Newswise — Like every older American city — and old cities across the globe — Philadelphia faces the daunting challenge of maintaining and upgrading its aging, and at times outdated, water and sewer infrastructure. While national and state funding sources continue to decline, cities must find innovative ways to comply with increasing regulatory requirements to improve performance and meet regulatory standards.
A new study by Jeffrey Featherstone, director of Temple’s Center for Sustainable Communities and a professor of Community and Regional Planning, examines how Philadelphia is tackling the problem head-on through the city’s “Green City Clean Waters Program (GCCW).”
“One of the major stormwater problems in many older American cities is combined sewer overflows (CSO) — sanitation sewers and storm sewers are connected. During high rainfall events, sewage may discharge into rivers and streams — it’s a problem happening in Philadelphia, New York, Boston, and cities all over the world,” said Featherstone, who examined Philadelphia’s GCCW program as a case study for the implementation of proper green infrastructure. The study was conducted with the Philadelphia Water Department’s Office of Watersheds. According to Featherstone, the Green City Clean Waters Program seeks to integrate water resources management “into the socioeconomic fabric of the city.”
“It is the centerpiece of a larger city effort to promote sustainability through improved stormwater management. Through a projected municipal investment of more than $2 billion and an innovative stormwater billing program, the GCCW expects to transform Philadelphia into a vibrant, green and sustainable city,” said Featherstone, who detailed the study of Philadelphia’s program as the only American presenter at a week-long conference hosted by the International Society of City and Regional Planners held in Wuhan, China in late October. “Instead of completely replacing the existing infrastructure with separate water and sewer systems of underground tunnels and storage tanks — which would be substantively cost prohibitive at about $17 billion — the city is embarking on a program that would solve 85 percent of the problem over a 25 to 30-year period by using low impact development (LID) and green infrastructure that would mediate the stormwater before it reaches the underground gray infrastructure.”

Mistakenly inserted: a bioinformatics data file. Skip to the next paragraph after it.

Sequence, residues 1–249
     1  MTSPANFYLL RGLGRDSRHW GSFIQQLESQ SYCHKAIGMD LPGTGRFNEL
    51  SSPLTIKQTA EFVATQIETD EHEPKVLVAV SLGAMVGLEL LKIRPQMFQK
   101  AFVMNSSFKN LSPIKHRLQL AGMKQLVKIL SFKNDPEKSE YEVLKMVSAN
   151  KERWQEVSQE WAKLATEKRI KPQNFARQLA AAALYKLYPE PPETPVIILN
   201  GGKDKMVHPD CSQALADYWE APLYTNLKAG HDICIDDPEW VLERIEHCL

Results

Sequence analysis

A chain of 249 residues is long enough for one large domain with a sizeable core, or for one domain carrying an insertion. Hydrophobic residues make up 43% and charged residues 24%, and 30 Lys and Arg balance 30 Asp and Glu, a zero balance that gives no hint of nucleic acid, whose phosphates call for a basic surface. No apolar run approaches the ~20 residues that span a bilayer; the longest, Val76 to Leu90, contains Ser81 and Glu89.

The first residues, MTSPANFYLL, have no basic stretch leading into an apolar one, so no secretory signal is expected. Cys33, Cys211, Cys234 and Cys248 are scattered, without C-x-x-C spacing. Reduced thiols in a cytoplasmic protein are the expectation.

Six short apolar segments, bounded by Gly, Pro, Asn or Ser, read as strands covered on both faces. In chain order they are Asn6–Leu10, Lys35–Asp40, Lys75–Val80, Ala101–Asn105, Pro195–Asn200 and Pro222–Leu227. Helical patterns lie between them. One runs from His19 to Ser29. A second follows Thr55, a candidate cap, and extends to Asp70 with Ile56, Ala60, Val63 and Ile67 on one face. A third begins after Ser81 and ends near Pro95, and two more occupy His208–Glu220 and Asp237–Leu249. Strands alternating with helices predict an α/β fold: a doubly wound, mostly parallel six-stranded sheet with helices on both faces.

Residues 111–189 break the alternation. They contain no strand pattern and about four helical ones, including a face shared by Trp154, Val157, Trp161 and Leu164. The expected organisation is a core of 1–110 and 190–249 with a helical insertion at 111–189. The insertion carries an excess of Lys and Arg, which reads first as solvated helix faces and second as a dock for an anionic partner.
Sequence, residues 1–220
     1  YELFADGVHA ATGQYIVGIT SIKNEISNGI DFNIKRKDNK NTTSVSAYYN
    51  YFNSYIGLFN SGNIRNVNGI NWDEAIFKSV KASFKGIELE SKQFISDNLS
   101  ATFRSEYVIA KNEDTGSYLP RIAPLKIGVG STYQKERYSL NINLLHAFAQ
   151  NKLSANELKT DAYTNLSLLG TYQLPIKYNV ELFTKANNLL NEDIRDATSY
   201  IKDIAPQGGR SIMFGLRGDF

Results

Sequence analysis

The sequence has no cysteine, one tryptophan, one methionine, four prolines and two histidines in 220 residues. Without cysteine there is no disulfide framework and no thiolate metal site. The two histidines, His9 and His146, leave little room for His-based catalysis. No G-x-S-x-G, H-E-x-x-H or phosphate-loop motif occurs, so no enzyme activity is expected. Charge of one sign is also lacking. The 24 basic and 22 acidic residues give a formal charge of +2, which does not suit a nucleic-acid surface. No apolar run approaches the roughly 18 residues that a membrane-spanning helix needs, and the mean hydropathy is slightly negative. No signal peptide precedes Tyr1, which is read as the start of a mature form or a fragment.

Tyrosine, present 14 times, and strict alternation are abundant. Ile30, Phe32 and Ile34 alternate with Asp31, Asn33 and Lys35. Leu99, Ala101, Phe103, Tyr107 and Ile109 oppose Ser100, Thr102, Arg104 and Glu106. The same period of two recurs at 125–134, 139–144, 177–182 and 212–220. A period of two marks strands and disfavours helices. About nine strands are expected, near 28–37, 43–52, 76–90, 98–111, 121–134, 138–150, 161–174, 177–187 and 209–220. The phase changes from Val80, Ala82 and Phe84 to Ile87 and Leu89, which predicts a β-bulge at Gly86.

LID alternatives include greening methods such as green roofs, rain gardens, rain barrels, stormwater tree trenches and planters, permeable paving and concrete, and flow-through planters, systems that not only help control the flow of stormwater by returning the rainfall back to a normal hydrologic cycle but also help filter pollutants. A parcel-based billing system that emphasizes LID approaches over impervious surfaces would also assess fees on significant producers of runoff in relation to their contribution to stormwater runoff, encouraging landowners to implement sustainable stormwater management practices, said Featherstone.
The city isn’t just examining the potential economic benefits of the GCCW program but the social and environmental impacts as well — a “triple bottom line analysis,” he said.
“While there are numerous options for controlling CSO events and urban runoff, implementation of green or low impact development will provide benefits across the board — increased property values, reduced heat island effect, reduced airborne pollutants and CO2 emissions,” Featherstone said.
The green approach includes numerous additional positive outcomes, such as an anticipated 193 acres of wetlands created, a reduction in heat-related deaths by nearly 200, substantial electricity and natural gas savings due to the cooling effect of trees, a decrease of more than 1 million metric tons of CO2 emissions, and the creation of thousands of green collar jobs.
According to Featherstone, Philadelphia’s stormwater management approach could work “anywhere from Manilla to Johannesburg to Beijing, anywhere that the combined sewer overflow problem exists.”
“It just requires a city with the will to do it. The true bottom line is that a greener city is simply a much more attractive place to live,” he said. “It is becoming clearer every day the interconnectedness that exists between our cities and global ecosystems. It is important for all big cities to take responsibility for their damaged ecosystems.” For more information about the Philadelphia Green City Clean Waters study, contact the Center for Sustainable Communities at 267-468-8311 or www.ambler.temple.edu/csc.